With his wife putting in more than 100 hours a week as an intern, Abraham decided to devote his time to taking care of Abe Jr., who was then two years old. "I pretty much put my musical activities on hold for two years and had the great privilege of spending that time raising him," Abraham says. In 1975, Abraham accepted an offer from Henry Mancini to come to Los Angeles to play on his Symphonic Soul album. During those sessions, Abraham met studio players that included guitarist Lee Ritenour, drummer Harvey Mason, and keyboardist Joe Sample. They told Abraham that if he moved to Los Angeles he would find plenty of work. But Lyn had one more year of residency to complete before they could relocate. The studio scene was constantly attracting musicians, and other great bassists had begun to make a name for themselves before Abraham arrived in 1976. "By the time I got there, Lee had started working with Anthony Jackson, Harvey had Louis Johnson, and Joe Sample had Pops Popwell," Abraham says. "So I spent the next two years wondering what I was going to do. Still, momentum took hold, and "little by little, gigs started picking up."
In 1976, Abraham played on only a few big album sessions, but things accelerated rapidly soon after. Abraham began fielding calls to make albums with the Pointer Sisters, George Benson, the Manhattan Transfer, Barbra Streisand, and dozens more. The rest truly is history, as Abraham says. Some 4,000 sessions later, he has seen the business change considerably, but his phone keeps on ringing.
"Everything is changing, but I've been really blessed that the people who call me are really enthused about my talent," Abraham says. "These days I get to do a mix of jingles, films, and album sessions. There is no steady diet of one kind of work like there used to be."
Despite having a busy music career, Abraham never lost sight of his role as a husband and father. As is readily evidenced by the fun the Laboriel siblings and their father had during the photo shoot and interviews for this story, the members of the Laboriel family enjoy one another's company and have profound love and respect for each other. Abraham Sr. described the time a few years ago when Lyn was hospitalized for several weeks with life-threatening complications after surgery. Abraham, Abe Jr., and Mateo dropped everything to take alternate shifts round the clock at the hospital so a family member would constantly be at her side as she recovered.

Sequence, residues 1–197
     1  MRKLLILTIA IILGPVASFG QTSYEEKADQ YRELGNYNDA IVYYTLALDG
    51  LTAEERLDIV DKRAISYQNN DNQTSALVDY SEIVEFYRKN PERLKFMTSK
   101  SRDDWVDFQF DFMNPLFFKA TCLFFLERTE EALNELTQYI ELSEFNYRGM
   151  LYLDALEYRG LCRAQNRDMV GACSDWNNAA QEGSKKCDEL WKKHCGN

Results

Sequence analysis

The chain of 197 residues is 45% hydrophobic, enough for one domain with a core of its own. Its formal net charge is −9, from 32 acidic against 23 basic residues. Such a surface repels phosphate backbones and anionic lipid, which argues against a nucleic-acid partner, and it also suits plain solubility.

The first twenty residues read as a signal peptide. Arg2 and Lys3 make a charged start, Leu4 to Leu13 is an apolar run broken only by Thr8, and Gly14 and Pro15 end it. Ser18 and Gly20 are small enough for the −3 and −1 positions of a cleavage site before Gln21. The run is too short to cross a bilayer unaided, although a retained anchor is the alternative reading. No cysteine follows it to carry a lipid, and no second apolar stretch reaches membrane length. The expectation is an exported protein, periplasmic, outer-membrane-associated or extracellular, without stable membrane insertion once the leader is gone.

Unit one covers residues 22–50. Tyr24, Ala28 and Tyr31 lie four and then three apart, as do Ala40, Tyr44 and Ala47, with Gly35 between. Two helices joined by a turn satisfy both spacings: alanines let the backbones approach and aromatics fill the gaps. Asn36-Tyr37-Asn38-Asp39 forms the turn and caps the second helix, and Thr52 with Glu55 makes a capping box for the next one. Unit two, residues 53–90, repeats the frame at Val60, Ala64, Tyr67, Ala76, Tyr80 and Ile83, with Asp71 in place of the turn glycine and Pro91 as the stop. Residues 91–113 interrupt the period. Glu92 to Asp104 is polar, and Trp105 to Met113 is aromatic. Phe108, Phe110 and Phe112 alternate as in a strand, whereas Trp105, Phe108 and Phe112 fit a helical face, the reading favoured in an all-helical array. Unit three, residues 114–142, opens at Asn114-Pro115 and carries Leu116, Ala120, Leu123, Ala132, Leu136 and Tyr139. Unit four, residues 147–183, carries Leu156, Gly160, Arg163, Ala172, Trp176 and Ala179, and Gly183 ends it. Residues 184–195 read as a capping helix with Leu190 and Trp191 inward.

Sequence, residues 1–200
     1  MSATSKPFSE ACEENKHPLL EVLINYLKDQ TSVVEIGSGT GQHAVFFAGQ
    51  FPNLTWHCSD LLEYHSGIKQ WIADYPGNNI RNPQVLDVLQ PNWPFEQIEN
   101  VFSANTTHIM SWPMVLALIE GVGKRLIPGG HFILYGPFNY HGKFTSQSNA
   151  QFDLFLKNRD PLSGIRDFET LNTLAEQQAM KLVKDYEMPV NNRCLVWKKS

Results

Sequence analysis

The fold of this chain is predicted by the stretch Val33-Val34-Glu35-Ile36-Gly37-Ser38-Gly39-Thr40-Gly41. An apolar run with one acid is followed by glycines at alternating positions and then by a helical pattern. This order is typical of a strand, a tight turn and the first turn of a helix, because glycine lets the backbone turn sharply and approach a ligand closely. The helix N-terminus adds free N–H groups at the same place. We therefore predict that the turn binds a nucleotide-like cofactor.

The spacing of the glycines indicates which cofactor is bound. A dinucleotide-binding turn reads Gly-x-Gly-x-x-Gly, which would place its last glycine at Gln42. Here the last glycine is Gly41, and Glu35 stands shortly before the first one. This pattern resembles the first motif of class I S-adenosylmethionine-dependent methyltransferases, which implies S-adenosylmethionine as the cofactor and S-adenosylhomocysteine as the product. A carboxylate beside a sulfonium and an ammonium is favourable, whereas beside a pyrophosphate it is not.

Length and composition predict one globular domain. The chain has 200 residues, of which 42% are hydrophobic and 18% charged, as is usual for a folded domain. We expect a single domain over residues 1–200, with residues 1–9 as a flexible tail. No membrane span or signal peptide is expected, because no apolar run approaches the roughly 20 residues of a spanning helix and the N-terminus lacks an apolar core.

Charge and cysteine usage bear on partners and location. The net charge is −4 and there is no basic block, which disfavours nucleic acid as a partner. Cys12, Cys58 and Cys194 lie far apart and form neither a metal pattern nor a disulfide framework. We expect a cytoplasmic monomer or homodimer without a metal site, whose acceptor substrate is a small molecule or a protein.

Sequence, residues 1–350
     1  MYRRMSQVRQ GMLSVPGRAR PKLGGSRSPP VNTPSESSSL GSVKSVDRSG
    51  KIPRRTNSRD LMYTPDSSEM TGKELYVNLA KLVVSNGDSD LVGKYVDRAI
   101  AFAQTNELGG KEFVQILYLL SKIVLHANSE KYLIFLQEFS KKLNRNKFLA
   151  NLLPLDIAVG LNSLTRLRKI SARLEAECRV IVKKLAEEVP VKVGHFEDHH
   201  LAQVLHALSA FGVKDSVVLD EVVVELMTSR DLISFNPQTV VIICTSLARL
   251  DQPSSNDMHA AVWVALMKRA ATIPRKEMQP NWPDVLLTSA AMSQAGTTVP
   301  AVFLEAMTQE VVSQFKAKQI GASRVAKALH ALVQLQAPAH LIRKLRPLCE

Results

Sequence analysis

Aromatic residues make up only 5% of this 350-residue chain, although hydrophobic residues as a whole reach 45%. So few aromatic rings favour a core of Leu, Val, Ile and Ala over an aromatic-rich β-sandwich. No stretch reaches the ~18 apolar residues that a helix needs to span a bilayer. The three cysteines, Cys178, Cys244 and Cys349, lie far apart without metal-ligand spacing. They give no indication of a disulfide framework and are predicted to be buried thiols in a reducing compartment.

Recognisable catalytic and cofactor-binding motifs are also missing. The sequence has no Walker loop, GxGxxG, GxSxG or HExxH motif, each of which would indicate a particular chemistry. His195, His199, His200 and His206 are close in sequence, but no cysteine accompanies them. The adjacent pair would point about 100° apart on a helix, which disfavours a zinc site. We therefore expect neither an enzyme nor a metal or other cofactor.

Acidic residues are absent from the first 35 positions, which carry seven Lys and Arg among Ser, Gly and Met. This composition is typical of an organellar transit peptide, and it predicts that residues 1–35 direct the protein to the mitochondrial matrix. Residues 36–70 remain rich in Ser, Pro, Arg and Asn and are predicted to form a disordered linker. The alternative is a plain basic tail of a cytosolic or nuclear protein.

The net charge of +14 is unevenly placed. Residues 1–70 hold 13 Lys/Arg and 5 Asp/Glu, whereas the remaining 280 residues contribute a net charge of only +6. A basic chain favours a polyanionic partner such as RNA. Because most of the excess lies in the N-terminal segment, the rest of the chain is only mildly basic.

All three Laboriels say that music was constantly in the air at home. "The record collection was thick with everything: classical, jazz, rock, folk, and ethnic music," says Abe Jr. "We listened all the time. Our mother brought home such things as the Bulgarian Women's Choir when they were new." Abraham Sr. adds, "Lyn was a great contralto singer. She had great training and exposed our children to very high-quality classical music. Once she took them to see Joan Sutherland perform."
There was a lot of jamming in the house too. "I started hitting pots and pans at two or three," says Abe Jr. "When I was four, Jamey Haddad gave me a little drum set, and I started to play with my father. I learned from playing for my dad that within a bar there is a lope and you can manipulate that. I remember being young and him asking me to play something on the drums for him. After I'd been grooving for five minutes, and he tapped me on the shoulder and said, 'That was a good bar.' I'd played all this stuff, and he singled out just one bar that felt good! This started a dialogue, and I realized that there were subtleties I had to be aware of in a groove."
Abraham sometimes took his young sons to studio sessions. Consequently, both Mateo and Abe Jr. became very comfortable in a studio environment. Abe Jr. would talk to the players. "My dad was playing with drummers like Steve Gadd and Jeff Porcaro," Abe Jr. says. "I'd pick their brains to find out how they thought about time and where they placed things.